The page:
Banking giant HSBC divests from Israeli defense firm Elbit

As BDS campaigners claim victory, UK Zionist Federation expresses concern the bank is not applying same rules to defense firms from other countries

In this file picture taken on on June 14, 2013, clouds gather over a sign of HSBC private bank (Suisse) in the center of Geneva. (AFP/Fabrice Coffrini)
In this file picture taken on on June 14, 2013, clouds gather over a sign of HSBC private bank (Suisse) in the center of Geneva. (AFP/Fabrice Coffrini)

Banking giant HSBC has divested from Israeli defense firm Elbit, The Times of Israel has confirmed, with pro-Palestinian activists claiming the move as a victory for the BDS movement. The bank has not formally announced the move.

In a statement posted on its website, the War on Want group said 24,000 people emailed the bank as part of their campaign, and 40 branches of the financial institution were picketed.

According to a 2017 report by the charity, the bank has invested approximately $4.5 million in Elbit, a tiny percentage of HSBC’s global investments.

Ryvka Barnard, War on Want’s senior security campaigner, hailed the move but noted that HSBC has not divested from companies such as Caterpillar, whose equipment is used by the Israeli military.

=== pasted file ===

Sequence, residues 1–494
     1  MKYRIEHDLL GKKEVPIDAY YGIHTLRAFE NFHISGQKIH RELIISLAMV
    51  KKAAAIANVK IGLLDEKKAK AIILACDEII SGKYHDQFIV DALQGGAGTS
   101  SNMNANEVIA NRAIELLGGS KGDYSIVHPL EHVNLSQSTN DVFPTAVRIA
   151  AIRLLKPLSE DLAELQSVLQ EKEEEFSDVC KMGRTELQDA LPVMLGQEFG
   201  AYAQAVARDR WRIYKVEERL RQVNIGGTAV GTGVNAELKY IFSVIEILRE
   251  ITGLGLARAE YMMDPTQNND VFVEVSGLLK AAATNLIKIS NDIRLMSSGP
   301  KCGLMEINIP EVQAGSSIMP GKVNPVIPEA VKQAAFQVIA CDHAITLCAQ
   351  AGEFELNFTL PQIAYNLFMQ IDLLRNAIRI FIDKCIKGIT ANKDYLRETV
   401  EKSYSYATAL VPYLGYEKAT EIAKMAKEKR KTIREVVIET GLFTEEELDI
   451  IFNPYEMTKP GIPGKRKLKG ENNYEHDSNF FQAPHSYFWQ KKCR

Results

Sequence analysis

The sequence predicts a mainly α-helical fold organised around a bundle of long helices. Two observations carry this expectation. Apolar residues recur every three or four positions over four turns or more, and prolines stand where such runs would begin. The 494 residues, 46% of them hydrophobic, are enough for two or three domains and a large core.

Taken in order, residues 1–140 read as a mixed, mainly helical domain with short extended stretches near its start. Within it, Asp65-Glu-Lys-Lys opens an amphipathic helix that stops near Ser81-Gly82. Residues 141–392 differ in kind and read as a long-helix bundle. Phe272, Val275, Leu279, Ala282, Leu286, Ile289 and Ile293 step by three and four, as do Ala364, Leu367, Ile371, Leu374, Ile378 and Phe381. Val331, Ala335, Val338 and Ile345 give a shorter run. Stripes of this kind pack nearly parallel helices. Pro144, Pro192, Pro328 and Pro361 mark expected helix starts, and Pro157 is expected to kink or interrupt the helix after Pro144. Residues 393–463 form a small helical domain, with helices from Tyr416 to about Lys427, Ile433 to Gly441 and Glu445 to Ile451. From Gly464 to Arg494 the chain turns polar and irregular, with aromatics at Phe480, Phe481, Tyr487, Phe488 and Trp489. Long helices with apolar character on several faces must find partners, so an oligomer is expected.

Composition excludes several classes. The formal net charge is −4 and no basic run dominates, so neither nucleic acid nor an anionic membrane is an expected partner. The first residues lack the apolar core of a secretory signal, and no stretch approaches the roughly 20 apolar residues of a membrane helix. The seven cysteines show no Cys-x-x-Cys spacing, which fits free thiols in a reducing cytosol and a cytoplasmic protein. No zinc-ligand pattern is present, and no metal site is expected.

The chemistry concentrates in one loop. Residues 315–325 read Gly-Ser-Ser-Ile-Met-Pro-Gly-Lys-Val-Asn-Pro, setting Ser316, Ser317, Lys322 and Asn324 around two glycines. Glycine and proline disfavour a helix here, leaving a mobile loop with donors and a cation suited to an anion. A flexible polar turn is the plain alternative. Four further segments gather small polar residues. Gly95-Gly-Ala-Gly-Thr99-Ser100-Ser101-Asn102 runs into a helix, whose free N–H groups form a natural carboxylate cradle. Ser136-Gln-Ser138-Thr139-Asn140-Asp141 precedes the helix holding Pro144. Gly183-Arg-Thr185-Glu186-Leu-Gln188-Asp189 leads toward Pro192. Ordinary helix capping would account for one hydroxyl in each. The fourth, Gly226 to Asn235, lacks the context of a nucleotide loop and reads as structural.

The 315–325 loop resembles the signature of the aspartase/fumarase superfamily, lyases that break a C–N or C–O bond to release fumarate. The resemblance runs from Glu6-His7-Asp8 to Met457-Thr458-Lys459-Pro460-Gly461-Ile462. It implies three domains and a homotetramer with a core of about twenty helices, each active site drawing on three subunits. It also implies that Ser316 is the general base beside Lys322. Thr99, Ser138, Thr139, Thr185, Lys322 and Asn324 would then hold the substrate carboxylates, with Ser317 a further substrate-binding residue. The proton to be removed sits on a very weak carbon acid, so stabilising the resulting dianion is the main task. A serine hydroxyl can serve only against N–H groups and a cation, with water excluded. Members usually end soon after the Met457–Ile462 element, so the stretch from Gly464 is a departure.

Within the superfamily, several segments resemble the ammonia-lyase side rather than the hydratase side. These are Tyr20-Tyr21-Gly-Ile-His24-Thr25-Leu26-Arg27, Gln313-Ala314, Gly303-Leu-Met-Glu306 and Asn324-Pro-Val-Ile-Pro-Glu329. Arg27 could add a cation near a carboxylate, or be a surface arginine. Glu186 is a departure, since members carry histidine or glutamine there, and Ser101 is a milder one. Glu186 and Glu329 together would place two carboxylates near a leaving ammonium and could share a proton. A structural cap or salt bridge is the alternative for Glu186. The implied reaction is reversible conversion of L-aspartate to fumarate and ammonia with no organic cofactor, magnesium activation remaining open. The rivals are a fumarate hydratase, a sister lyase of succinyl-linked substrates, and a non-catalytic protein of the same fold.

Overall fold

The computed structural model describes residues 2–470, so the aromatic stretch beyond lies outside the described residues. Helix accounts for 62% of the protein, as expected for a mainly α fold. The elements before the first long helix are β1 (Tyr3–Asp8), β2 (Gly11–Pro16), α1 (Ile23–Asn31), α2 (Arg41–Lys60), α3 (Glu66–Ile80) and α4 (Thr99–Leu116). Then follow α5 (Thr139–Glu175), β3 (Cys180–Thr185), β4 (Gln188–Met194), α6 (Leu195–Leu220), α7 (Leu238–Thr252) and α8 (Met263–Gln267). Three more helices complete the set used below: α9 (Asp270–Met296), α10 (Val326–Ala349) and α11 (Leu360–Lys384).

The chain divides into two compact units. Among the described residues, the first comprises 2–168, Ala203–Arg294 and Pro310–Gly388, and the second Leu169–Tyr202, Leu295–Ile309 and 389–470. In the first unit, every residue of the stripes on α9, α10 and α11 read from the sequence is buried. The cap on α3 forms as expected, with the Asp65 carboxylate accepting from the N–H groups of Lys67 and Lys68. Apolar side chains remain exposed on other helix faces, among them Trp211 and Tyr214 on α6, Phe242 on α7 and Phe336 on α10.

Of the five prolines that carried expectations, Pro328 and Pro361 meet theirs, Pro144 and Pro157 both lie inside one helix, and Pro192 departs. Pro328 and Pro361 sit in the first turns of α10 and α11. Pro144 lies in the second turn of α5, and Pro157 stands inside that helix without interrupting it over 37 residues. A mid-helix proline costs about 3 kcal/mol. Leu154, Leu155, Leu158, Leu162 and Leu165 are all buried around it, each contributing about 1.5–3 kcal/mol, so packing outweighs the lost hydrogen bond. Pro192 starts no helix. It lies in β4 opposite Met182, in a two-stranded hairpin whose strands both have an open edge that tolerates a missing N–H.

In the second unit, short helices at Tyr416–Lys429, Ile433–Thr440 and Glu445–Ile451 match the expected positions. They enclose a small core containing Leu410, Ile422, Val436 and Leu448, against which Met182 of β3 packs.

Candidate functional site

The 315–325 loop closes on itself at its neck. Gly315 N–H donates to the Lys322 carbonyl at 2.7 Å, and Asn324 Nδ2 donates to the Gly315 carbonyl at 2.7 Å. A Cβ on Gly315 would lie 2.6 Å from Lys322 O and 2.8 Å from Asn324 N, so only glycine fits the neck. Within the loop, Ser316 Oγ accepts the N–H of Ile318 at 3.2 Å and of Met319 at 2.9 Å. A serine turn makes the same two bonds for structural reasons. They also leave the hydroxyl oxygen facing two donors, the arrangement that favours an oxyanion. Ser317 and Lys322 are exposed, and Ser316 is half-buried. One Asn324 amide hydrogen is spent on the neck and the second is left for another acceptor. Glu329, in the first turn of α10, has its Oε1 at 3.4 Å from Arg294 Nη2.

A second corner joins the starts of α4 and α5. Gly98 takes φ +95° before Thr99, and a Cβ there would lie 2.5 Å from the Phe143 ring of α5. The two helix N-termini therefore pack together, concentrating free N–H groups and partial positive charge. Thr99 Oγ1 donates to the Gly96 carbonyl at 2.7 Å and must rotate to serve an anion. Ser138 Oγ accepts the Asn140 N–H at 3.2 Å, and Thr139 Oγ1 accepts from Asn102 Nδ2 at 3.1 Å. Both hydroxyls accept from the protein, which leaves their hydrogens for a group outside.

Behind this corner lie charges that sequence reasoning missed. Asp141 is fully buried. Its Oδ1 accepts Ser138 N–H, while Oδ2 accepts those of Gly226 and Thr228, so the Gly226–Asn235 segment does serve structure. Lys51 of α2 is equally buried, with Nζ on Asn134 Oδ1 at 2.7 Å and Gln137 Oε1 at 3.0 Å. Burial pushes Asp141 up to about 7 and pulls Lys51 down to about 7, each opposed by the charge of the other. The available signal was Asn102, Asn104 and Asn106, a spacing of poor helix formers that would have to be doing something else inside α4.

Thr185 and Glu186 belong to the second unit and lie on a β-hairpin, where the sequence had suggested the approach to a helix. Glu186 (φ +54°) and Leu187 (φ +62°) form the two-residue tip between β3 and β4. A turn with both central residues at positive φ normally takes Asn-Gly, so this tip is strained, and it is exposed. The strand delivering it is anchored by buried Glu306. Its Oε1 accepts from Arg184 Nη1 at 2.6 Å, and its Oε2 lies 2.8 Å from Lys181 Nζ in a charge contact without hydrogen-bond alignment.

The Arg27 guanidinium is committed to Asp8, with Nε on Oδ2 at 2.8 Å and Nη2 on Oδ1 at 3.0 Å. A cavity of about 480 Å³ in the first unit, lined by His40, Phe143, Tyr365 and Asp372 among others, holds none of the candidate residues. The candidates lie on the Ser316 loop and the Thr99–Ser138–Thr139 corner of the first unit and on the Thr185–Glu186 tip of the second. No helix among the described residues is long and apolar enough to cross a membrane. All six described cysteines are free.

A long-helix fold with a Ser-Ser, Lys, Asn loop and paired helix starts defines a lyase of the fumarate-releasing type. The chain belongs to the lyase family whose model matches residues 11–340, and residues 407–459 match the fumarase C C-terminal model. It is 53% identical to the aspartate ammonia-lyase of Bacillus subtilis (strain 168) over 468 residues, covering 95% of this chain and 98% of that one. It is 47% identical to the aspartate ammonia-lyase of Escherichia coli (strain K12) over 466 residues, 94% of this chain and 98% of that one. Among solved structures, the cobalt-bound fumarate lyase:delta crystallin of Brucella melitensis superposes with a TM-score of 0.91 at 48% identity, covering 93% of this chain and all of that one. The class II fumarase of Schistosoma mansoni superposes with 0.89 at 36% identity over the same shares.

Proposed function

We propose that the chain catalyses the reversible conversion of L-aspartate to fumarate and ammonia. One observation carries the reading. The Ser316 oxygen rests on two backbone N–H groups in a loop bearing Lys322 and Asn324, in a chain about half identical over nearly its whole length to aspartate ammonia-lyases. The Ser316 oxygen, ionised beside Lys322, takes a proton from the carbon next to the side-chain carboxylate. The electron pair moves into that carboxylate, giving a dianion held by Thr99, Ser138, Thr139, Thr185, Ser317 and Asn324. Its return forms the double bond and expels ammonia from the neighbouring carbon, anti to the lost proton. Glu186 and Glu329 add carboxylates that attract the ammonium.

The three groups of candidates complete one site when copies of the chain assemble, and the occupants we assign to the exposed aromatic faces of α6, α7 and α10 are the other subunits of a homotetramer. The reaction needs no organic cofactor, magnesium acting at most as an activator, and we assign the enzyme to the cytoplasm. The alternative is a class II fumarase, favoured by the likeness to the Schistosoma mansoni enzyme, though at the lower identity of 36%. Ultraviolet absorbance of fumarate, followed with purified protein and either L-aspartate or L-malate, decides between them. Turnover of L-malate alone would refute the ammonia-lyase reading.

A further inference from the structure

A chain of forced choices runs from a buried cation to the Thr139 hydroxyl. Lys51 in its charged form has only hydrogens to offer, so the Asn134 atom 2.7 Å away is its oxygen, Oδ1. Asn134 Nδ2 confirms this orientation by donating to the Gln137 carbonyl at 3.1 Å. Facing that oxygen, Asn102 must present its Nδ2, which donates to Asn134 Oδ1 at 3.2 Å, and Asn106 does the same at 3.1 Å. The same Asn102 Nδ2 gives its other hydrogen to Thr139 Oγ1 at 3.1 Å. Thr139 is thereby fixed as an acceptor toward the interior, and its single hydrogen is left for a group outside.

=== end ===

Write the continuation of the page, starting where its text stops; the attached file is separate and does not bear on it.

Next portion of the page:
The Palestinian Solidarity Campaign (PSC) also welcomed the decision, and called on the bank to cut ties to all companies linked to the Israeli government.

An illustration of Elbit’s search and rescue systems in use (Courtesy)

“HSBC’s announcement demonstrates the effectiveness of Boycott, Divestment, and Sanctions as a tactic against Israel’s continued flouting of international law and human rights,” said Ben Jamal, PSC director. “We now call on HSBC to stay true to the principle of ethical investment by cutting links to all companies which support Israel’s military regime.”

In response, the Zionist Federation of the UK and Ireland issued a statement expressing concern that the bank was only divesting from an Israeli company.

“We are seeking clarification from HSBC that this new policy is not discriminatory and that any new policy of divestment will be implemented throughout their extensive portfolio of companies connected to the arms industry,” wrote the organization.

“In recent months, outside HSBC locations across the country, a small but increasingly hostile group of anti-Israel activists belonging to the “BDS”/PSC have attempted to intimidate HSBC customers going about their lawful business,” said the Zionist Federation. “If HSBC have indeed succumbed to the pressure of these anti-Israel activists, it will set a worrying trend that should be of great concern to us all.”

Elbit is a tech firm that develops a wide range of defense, homeland security and commercial systems that are sold globally. The firm, whose shares are listed in Tel Aviv and on Nasdaq, operates in the fields of aerospace, land and naval systems, command, control, communications, computers, intelligence surveillance and reconnaissance systems, among others.

Last month, Elbit completed the purchase of the state-owned Israel Military Industries weapons manufacturer, in a deal estimated at over NIS 1.8 billion ($485 million).

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